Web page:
On thinking it over, I realized I had other favorite diversions that also fit this mold, notably Wodehouse's Jeeves and Wooster tales. The television adaptation of those stories stuck to a single time period, but the stories themselves, like the Wolfe stories, started out rooted in time but gradually drifted off into their own universe, a universe that has a chronology in the sense of A happening before B, but not in the sense that any quantifiable period of time passed between them.

These two examples break two oft-quoted rules about writing fiction. First is the simple rule against anachronism--a good rule for historically grounded fiction, but inapplicable in the familiar yet separate universes of Wodehouse or Stout.

Second is the rule about the importance of character arc. Neither Jeeves nor Wooster nor Goodwin nor Wolfe has one. All four of the characters are rounded out over the course of their stories, but no one would claim that they had really changed.

Which proves what, exactly? I'm not sure. I think it proves that an overriding rule is: Entertain your readers enough and none of the other rules apply.

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PS Rex Stout's Wolfe novels provide one of the most amusing (and ridiculous) examples of readers engaging in the biographical fallacy. Because the character Nero Wolfe is obese and obsessed with food, many readers assumed that Stout himself was overweight. (This was probably subconsciously reinforced by his surname.) Stout was anything but--from pictures I've seen of him, I think the best word for his physique is probably "lanky."

This also challenges the view of fiction as wish-fulfillment on the part of the writer, as I seriously doubt that the author really wanted to be obese but couldn't achieve it.

PPS Nero Wolfe provides a good touchstone for how bodies have changed over the 20th century. Wolfe stands 5 feet 11 inches and weighs 272 pounds (which Archie often calls "a seventh of a ton"). That's certainly obese, but today it wouldn't be the source of astonishment it was at the time; in the books, people stop and stare, and Wolfe has special chairs designed to support his elephantine bulk. He's less than 100 pounds overweight according to his BMI--a lot of extra weight, but no longer circus-freak quality. Today he probably couldn't even get a slot on The Biggest Loser; he's too svelte.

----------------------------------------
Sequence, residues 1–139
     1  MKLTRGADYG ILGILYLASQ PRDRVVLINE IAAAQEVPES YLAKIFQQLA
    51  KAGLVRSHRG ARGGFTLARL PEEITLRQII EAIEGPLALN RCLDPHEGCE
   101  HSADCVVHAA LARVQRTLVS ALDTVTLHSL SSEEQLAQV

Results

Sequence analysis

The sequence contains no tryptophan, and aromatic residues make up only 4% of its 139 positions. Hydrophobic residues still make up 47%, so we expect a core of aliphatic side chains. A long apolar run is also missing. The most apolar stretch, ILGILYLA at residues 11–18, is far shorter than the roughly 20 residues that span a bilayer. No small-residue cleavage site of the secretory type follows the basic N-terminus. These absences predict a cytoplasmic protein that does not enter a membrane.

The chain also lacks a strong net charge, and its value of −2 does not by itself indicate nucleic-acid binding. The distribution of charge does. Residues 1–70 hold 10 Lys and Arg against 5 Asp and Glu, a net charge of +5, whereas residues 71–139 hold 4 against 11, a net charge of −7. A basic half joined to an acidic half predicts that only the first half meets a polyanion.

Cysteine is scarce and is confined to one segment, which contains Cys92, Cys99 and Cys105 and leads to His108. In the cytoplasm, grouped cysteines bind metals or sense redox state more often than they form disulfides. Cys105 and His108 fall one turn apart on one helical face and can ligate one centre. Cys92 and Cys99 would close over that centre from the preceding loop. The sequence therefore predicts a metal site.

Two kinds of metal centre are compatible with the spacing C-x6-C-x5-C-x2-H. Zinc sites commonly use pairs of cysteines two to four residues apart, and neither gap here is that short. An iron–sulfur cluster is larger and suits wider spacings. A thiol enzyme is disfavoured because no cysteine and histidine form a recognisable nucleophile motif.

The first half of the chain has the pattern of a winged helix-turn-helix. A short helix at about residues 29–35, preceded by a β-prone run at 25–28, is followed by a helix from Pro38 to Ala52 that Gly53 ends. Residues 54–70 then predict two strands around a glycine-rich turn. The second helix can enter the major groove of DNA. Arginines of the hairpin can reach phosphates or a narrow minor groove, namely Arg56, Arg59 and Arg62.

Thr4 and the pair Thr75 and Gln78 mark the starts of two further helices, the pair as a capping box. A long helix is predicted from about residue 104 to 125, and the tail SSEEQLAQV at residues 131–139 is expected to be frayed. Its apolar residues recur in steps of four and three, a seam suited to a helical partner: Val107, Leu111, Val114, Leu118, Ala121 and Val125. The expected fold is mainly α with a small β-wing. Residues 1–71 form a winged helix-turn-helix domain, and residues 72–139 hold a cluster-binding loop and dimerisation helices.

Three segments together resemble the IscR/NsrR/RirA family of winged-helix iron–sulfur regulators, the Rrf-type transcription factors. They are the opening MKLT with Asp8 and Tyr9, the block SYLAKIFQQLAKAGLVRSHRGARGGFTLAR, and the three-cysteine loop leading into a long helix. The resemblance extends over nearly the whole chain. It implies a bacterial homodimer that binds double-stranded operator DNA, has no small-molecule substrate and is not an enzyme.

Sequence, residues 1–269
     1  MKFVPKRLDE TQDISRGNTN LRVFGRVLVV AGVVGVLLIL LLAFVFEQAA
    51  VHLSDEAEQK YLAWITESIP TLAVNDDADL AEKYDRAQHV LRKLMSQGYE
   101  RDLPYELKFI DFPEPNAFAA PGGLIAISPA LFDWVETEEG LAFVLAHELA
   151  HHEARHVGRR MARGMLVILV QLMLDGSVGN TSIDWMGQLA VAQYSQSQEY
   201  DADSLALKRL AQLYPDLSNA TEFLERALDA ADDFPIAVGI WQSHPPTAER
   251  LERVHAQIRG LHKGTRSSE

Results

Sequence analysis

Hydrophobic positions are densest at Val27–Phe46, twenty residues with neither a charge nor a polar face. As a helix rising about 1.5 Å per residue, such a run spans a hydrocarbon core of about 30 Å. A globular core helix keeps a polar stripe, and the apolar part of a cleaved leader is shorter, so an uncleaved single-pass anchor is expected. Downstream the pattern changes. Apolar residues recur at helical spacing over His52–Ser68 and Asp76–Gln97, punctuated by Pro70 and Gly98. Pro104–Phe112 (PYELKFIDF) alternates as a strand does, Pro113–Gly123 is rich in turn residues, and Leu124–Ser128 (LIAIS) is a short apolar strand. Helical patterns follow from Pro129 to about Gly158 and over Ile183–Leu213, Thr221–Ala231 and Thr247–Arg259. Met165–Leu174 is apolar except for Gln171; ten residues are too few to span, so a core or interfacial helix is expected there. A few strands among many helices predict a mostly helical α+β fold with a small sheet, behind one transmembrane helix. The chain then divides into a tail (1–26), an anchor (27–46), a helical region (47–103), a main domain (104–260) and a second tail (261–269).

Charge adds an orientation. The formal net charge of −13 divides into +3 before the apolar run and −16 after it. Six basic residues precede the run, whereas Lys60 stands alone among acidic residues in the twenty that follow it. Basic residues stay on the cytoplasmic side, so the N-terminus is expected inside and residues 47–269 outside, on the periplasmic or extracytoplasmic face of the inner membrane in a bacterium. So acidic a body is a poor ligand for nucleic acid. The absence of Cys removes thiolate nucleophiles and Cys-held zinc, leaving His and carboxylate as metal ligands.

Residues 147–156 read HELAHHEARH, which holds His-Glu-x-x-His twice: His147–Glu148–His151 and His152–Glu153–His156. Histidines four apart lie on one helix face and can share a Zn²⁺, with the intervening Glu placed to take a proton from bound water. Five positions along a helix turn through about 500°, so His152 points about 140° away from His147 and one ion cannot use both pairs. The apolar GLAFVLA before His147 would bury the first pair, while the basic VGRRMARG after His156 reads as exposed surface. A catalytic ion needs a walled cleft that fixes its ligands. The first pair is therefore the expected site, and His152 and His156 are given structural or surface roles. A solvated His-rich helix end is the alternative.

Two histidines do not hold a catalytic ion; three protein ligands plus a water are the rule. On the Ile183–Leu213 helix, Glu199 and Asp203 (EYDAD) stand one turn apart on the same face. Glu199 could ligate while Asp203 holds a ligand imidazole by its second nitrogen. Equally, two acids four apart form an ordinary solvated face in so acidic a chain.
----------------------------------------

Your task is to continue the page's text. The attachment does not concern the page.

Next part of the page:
11 comments:

Tim Stretton said...

I think Faye's approach is quite unusual--challenging what we think we know about a period, rather than pandering to it. But it definitely works.

Glad to see you caught up with Augustus. The modern language is a risk, but he gets away with it.

O'Brian--I'm pushing at an open door here--is surely the king of the historical novel.

Alis said...

With regard to dialogue in hist fic, there's a fine line between not going in for what a radio editor I worked with once called 'gadzookery' and making your characters sound jarringly modern. i think it's something to do with using modern grammar and syntax but inventing idioms and figures of speech that sound current to the period your characters live in. it's a tricky balancing act - they're not twenty-first century people but you want them to be accessible to your twenty-first century readers.

David Isaak said...

Hi, Tim. Yes, thanks for the recommendation on Augustus.

The thing is, it is reasonable to expect that people of the time had idiomatic constructions that were equivalent to ours; but it's still odd to see them on that page, as they have a tedency to act as historical markers.

You're right that he gets away with it, but the effect is exceedingly odd.

David Isaak said...

Hi, Alis--

I've never had to deal with the problem myself, but it strikes me as a another difficult burden to shoulder in a genere which is hard enough already.

The only thing similar I have faced is rendering the speech/POV of a non-English speaker. The only way I've found to do it is to make the language more literal; less fluid and idiomatic. That seems to distance it and make it seem foreign. But a little bit goes a long way, and I'm not sure I've found the right balance.

Frances Garrood said...

"..the sense of authenticity is more important than authenticity itself". You've hit the nail on the head there, David.

By the way, how's the tree?

David Isaak said...

Hi, Frances--

That tree is now firewood. We're waiting for the stump-grinding guy to show up. I have no objection to physical labor, but digging out the roots of a banyan is beyond me.

Frances Garrood said...

Ah. The stump-grinding guy. Mustn't forget him.

And "Digging out the Roots of a Banyan" would make a good title for a novel. A bit like Salmon Fishing in the Yemen.

RDJ said...

I remember Vonnegut mentioning that people often sent him letters telling him that they, too, were very short. Vonnegut was six-two, but something in his writing seemed to give off shortness, apparently.

David Isaak said...

Hi, Frances--

Yes, the stump-grinding guy. Which allowed me to tell a friend that someone was "coming over on Wednesday to grind my stump."

A rather horrific phrase.

David Isaak said...

Hi, RDJ--

That's hilarious. I'd never heard that--nor did Vonnegut ever give off a "short" vibe to me.

Well, except for his penis. Was it "Breakfast of Champions" where he gives the penis measurements of all the male characters? In any case, he aserted that the author's penis was one inch long and six (I believe) inches in diameter.